Epiphanies, like women, can pop up when you least expect them, and they can free you from a troubling part of your life you didn’t understand as a problem until they were revealed. Most of us learn if we’re multi-taskers, optimistic, outgoing, genuinely funny, and/or thick-skinned to those who label us otherwise. Isn’t it interesting when a “That’s me!” pops up that teaches us more about ourselves than we know before.
In a PBS documentary on Mark Twain, a number of incidents arose in the building of Twain’s home, and the construction team began “badgering” Twain with questions regarding how he wanted them handled. The questions regarded the construction of his home, a place the older Twain would presumably live for the rest of his life, so the observer should forgive the construction crew’s chief for the badgering. The team didn’t know how he wanted some particulars of his home constructed, and they probably had hundreds of questions for him. What the team did not know, however, was that Twain had an oft expressed aversion for details.
“That’s me,” I thought. If I were to construct my own home, I can see myself “all-in” on the big, meaningful constructs. I can see myself all-in on the design, and some of the details. I can see myself all hopped up in the beginning, acutely focused, and knocking out every question with pinpoint answers. I would consider other perspectives, others’ advice. I would probably read books, watch YouTube videos, and gather as much information as possible to make an informed decision. At some point, and no one knows when this point hits, I would begin to shut down. It often happens soon after the this-and-that questions hit the floor.
“Do you want this or that?”
“I’ll take this.”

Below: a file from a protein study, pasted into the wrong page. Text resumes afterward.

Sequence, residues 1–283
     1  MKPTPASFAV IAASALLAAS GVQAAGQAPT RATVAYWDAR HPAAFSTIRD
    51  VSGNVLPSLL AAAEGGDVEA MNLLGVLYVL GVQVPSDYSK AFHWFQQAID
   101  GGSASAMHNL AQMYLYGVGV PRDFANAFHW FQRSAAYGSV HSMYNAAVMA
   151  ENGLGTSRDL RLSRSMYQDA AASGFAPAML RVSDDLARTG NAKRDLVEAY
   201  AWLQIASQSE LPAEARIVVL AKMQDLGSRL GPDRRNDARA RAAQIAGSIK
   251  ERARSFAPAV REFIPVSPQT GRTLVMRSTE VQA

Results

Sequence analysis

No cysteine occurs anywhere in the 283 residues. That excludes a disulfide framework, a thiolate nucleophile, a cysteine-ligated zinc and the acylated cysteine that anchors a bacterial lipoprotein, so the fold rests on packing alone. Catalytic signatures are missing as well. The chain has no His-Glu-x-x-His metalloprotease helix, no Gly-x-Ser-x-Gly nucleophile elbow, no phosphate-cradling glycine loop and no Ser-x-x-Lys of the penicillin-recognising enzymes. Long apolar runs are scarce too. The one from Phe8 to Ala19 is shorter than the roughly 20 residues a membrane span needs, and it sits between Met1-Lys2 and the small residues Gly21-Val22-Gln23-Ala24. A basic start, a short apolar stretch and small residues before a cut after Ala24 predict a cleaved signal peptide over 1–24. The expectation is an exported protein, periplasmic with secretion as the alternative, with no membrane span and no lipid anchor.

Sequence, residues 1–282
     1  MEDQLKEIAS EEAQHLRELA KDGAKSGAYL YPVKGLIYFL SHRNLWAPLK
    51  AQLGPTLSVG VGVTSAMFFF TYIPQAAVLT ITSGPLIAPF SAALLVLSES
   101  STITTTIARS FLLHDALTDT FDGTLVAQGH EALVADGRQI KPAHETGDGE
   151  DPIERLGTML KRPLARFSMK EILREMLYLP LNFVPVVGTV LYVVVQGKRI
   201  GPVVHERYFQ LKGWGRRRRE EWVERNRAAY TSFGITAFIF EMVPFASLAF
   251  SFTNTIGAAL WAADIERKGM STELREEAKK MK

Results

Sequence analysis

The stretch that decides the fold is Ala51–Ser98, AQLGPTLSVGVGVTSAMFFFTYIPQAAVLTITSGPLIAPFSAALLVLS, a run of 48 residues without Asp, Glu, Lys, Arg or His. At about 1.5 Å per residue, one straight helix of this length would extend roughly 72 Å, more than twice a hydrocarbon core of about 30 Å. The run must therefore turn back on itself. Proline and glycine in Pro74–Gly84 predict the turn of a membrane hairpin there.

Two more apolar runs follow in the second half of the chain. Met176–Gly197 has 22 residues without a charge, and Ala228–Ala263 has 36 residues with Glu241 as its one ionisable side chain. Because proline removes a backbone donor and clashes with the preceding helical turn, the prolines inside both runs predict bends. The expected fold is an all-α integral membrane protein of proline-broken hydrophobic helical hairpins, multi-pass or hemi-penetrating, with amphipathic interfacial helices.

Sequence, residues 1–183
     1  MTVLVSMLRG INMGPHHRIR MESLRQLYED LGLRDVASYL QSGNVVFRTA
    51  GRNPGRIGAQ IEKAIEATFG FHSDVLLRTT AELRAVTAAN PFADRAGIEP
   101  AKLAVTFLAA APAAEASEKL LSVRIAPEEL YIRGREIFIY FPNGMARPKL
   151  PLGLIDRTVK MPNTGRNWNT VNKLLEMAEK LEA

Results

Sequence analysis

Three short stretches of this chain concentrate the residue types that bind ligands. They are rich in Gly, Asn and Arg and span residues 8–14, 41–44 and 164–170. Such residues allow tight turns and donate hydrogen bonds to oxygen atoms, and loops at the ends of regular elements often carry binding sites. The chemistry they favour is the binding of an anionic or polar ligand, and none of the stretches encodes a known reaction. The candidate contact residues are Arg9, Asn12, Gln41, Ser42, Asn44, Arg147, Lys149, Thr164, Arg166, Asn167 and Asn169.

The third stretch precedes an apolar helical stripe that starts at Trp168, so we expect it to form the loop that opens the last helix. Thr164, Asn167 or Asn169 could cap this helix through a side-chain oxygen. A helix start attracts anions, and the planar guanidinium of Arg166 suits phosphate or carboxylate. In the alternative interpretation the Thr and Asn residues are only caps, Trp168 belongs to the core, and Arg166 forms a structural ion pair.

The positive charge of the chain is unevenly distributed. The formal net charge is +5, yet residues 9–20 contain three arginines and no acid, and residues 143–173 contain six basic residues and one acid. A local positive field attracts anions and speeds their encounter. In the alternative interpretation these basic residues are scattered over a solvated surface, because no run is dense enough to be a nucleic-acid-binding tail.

“Are you sure, because that offers a this and that.”
“OhmiGod, just gimme that then.”
“It’s your house,” they say. “We just want to make sure you’re getting what you want.”
“I understand. Give me that.”
Details, regarding otherwise inconsequential minutiae, make me feel stupid. These detail start firing far too many neurons in my brain for me to handle, and I usually get overwhelmed and exhausted by them. I know that I should be listening to every question, and I feel guilty for not being able to ponder all of the details they give me to come up with the ideal solution for my family, but my capacity for such matters is limited. When the flood of this-and-that questions hits, I’m completely out of gas. “Whatever, just get it done!” I’ll fall away from the creative to what is expected, and what it is that those still paying attention want. My answers going, forward, are autonomic. “Yes, that sounds fine,” I’ll say without knowing the question. I’ll just want the damn thing to be built already by that point, because I’m not a details-oriented guy. I’ll want to make the big decisions, but I’ll want to leave all of the “inconsequential” details-oriented questions to others.
I feel guilty. I want to be involved, informed, and constantly making acutely focused decisions throughout the process. I feel guilty when others start making the decisions that affect me, because I know I’m an adult now, and I should be making all these decisions. There is also some fear that drives me to constantly pretend that I’m in prime listening mode, based on the fact that I may not like the finished product if I’m not involved in every step. I may not like, for example, the manner in which the west wing juts out on the land and makes the home appear ostentatious, or obtuse, or less pleasing to the eye with various incongruities, and I’ll wish I would not have been so obvious with my “Whatever just do it!” answers. Details exhaust me, though, and they embarrass me when I don’t know the particulars that the other is referencing.